1. We tried out DoorDash while we were on a trip in DC. It seemed like a great idea – a meal to the hotel, no trying to drive in an unfamiliar city. Two hours after ordering we finally got our meal, cold, tough, and unappetizing. There were several phone calls involved, with me trying to figure out what was going on, and DoorDash promising that the meal would be remade – it was not – prior to final delivery. We tried it again after coming home with the credits we'd been given (and those were not straightforward, either. They promised $20 credit but would only allow it to be used $5 at a time). Guess what? The exact same thing happened. Hours until delivery of cold, nasty food. We won't be using them again. I'd rather drive after dark in the rain in DC.

  2. "… too stoned to get his own milkshake after midnight", or too busy to get his own food while working. The daytime solution is an old one: Office Boy. The office boy was the low rung to get everything: lunch or dinner, supplies, copies, paperwork. It served another business function of learning ops and logistica; education from reading documents being copied; learning clients and approval processes by messenger work. DoorDash and other services give no other use than 'convenience' at a high marginal cost; why not stop grumbling and just get it yourself?

    Thinking further, maybe you really don't want Japanese takeout delivery, unless you are certain it's not a kamikaze driver. Those last couple feet could get interesting.

  3. "No added value" is one of those common economic fallacies. In reality, a meal where you want it has more value than a meal somewhere else; things having more value in one place than another is the whole basis of the freight business.
    Whether the value added to the meal exceeds the costs of transportation, organization, and overhead (plus the value lost due to transportation time and the meal possibly getting cold) is another question, to which the answer is probably "no" in most cases.
    But… restaurants that deliver food are no novelty. A service that allows restaurants to outsource delivery instead of keeping Philip J. Fry on staff makes some kind of sense. Trying to implement this using the "gig economy" model, or anywhere outside urban centers, not so much.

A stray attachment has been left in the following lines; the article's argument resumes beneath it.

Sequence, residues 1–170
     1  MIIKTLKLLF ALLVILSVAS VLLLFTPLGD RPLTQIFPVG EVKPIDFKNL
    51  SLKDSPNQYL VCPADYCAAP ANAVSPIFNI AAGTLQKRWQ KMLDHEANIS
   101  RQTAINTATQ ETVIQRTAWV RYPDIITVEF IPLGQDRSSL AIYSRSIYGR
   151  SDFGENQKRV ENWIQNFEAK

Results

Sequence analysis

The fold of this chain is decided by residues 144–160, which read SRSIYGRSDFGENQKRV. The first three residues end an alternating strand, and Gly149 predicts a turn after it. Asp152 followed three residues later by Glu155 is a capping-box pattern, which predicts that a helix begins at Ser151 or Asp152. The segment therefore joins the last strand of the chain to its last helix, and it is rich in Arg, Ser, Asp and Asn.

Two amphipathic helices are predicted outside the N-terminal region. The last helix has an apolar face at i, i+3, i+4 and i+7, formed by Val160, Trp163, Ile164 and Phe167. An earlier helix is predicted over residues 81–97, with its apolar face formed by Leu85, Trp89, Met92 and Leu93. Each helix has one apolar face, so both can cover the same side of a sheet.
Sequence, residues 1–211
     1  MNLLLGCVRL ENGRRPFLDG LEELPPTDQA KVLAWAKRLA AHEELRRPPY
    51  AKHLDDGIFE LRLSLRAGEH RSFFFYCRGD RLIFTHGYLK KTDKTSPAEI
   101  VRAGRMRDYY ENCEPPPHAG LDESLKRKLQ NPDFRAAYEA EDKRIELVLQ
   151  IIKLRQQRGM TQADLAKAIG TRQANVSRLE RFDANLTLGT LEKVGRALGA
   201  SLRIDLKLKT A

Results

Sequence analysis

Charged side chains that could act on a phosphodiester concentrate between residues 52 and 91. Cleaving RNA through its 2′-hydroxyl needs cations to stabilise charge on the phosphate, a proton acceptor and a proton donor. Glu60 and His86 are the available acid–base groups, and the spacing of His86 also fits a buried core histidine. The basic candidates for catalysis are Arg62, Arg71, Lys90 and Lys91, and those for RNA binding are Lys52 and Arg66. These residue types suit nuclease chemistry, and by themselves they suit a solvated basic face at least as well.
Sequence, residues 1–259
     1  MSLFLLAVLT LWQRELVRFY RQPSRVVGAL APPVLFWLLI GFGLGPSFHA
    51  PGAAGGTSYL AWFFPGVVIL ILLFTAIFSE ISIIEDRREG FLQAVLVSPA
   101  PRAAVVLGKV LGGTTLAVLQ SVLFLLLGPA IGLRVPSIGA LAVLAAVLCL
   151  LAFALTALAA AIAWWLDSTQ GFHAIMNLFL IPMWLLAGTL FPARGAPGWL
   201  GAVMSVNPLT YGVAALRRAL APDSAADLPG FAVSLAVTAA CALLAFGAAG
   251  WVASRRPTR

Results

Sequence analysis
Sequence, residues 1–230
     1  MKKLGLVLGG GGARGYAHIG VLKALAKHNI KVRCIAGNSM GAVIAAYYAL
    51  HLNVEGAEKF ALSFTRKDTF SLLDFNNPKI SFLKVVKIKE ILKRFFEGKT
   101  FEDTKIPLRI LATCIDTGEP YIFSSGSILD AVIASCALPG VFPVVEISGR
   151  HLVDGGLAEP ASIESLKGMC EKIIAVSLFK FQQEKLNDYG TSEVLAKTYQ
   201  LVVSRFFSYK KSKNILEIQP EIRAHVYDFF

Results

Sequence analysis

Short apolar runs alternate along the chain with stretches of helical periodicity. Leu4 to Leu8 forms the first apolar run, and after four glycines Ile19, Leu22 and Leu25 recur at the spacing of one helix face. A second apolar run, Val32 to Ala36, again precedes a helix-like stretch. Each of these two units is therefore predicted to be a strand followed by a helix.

4. Much of what was said here is spot on, but I have one quibble;

    “ people won't pay excessive added costs if there's no added value.”

    The assumption that moving goods from where they are made to where they are wanted adds no value is why Confucius didn’t value merchants. He considered them parasites, and his error has dogged China ever since. Now, the delivery services may overcharge for the value they add, but their service is not without value entirely.

    Marx also fumbled this, though he screwed up so much it’s hard to say that that was critical.

    The notion that the merchant is a parasite is almost as pernicious as the idea that the loan of money earns no return. It needs to be killed with an axe.

  5. One business model that would work is meals delivered to shut-ins or elderly people, with a fixed menu, and deliveries done on a route to minimize driving time.

  6. I think a question like "Does DoorDash add value?" is too simplistic. We're talking about a service which may be a necessity for some and a luxury for others, and flip from one category to the other at a specific price point. In other words, we're really talking about price elasticity and demand curves. At what price and under what circumstances does the convenience justify its expense, and conversely, at what price does it simply make more sense to go get the same food for oneself?

    The question on other side of the coin, "Is this a viable business model?" is dependent on a sufficient number of people saying "yes!" to a price point which leaves the restaurant, the driver, and the company all with a workable marginal profit. Given that it is probably more of a luxury than a necessity for most people, demand is very elastic, so any increase in price will drive customers away (pun intended).

  7. I tried it, found, as many have, that it's just simpler to go get the food or even cook it than it takes to have it delivered.

    Especially since it seems every delivery driver either smokes tobacco or weed while driving. And no matter how well they package the food it ends up smelling like that product.

    What's funny is listening to young people at the grocery store, while buying already prepared food, complaining about how broke they are, when they use delivery services for their take-out food, that they order 4-6 nights a week. And, yes, I love interjecting that cooking one's own food is better, healthier, and you get leftovers for lunch or other dinners (and get that 'Ewwwww' look at the idea of own-cooked leftovers, but then they talk about eating delivery food leftovers…)